Archive for December 12th, 2012


  • cranesolidarityThe universe of Ayn Rand and her acolytes is divided into the “makers” and the “takers”. The makers are those bold, creative risk-taking capitalists, who create wealth, which then spills over into the wider society.

The takers, on the other hand, are those dependent upon the creative wealth-making of the innovative capitalists, either by greedily demanding excessive wages and benefits if workers, or social handouts if impoverished.

But in actuality the “makers” are themselves takers. They may possess the means to fund the implementation of their ideas, but they take the labor of the worker to accomplish their ends. Without it, they cannot make anything, let alone wealth. And as recently documented here, in fact the takers are taking more than ever, to an obscene degree, even while workers’ wages are declining and worker productivity is increasing.

I was thinking of this when I heard that Michigan, of all places, had become a so-called “right to work” state. It came to this fate because of a strong Republican majority in the state legislature. Like Ohio, this was in spite of the fact that Democrats got more votes than Republicans in the recent election, 2.3 million to 2.1 million. The majority is held because of “gerrymandering”, ie, creative shaping of congressional districts to ensure a majority.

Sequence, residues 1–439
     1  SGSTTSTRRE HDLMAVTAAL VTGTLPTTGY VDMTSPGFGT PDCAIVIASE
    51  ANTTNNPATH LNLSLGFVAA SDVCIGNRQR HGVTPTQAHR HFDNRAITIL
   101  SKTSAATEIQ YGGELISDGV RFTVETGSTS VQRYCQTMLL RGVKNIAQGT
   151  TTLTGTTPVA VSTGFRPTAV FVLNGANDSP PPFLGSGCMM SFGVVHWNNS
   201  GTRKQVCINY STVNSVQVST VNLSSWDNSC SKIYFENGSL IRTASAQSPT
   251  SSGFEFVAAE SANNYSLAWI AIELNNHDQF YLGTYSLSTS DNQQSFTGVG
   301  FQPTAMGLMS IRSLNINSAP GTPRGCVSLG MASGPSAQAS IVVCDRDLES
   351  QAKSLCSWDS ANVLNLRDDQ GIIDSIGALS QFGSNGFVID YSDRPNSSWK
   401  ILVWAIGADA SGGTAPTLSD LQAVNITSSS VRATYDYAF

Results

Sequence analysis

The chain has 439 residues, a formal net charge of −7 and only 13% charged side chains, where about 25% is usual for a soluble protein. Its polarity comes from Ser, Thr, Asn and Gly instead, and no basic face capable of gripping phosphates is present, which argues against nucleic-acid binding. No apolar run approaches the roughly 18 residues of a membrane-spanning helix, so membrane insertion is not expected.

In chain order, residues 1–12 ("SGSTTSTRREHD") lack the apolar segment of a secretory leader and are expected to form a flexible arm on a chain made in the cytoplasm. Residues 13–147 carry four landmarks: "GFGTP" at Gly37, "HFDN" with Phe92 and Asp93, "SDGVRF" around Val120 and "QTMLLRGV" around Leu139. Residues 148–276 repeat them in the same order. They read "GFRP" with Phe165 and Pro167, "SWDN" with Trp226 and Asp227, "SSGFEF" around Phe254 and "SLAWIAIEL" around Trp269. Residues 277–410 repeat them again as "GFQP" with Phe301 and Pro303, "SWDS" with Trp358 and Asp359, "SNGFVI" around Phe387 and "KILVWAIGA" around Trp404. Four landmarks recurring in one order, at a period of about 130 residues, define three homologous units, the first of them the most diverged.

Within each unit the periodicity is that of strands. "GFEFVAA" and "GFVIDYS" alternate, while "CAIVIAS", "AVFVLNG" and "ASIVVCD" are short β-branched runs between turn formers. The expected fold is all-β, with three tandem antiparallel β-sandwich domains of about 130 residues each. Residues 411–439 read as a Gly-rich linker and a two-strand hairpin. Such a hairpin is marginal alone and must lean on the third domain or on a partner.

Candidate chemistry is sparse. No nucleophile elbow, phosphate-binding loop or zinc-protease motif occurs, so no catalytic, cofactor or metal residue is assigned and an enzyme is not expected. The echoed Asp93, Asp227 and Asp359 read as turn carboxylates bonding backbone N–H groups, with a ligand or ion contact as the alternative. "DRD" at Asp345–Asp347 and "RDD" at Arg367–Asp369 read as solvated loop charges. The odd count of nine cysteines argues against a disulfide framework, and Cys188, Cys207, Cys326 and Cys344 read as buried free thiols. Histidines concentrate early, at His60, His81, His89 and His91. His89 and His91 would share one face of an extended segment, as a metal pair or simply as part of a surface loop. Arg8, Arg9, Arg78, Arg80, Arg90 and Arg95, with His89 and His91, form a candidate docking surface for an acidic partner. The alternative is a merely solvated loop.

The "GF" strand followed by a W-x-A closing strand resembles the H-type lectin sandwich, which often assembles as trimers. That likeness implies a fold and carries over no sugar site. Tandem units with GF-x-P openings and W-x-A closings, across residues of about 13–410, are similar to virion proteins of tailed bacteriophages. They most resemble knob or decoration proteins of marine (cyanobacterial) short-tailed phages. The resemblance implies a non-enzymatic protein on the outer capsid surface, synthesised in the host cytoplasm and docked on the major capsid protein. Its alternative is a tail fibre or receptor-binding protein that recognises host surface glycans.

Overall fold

And they call it Democracy.

In Michigan, with the new law you will soon be able to work for a company where the union, through collective bargaining, has won decent wages and benefits and will defend your rights in the work place. And you can get all this without contributing to the organization that has directly benefited you.

Sounds like someone is a “taker”.

But there is hope, based upon experience, that most people will not be so greedy and ungrateful.

The Postal Service, for example, works like this. There is no obligation to join the union, even though the union is obliged contractually to represent non-union workers just as if they were members. But 93% of letter carriers do, in fact, belong to the union. Most people, is seems, know that it is wrong to not contribute to what has benefited them (hugely).

Personally, if you want the “right to work” that is fine with me, but you should get none of the benefits of union membership. If a boss wants to fire you because he doesn’t like your face, you are on your own. If you are sick, you can argue for paid sick days on your own. If collective bargaining brings a wage increase, you don’t automatically get to receive it; you must go to the boss and make your case. Want a vacation? Argue with the boss. A paid vacation? Make uyour case. And so on. It is a cliché, but “right to work” really means “right to work for less”, if taken to its logical conclusion, which of course it isn’t.

If you don’t want to join the union, fine. But don’t just be a taker.

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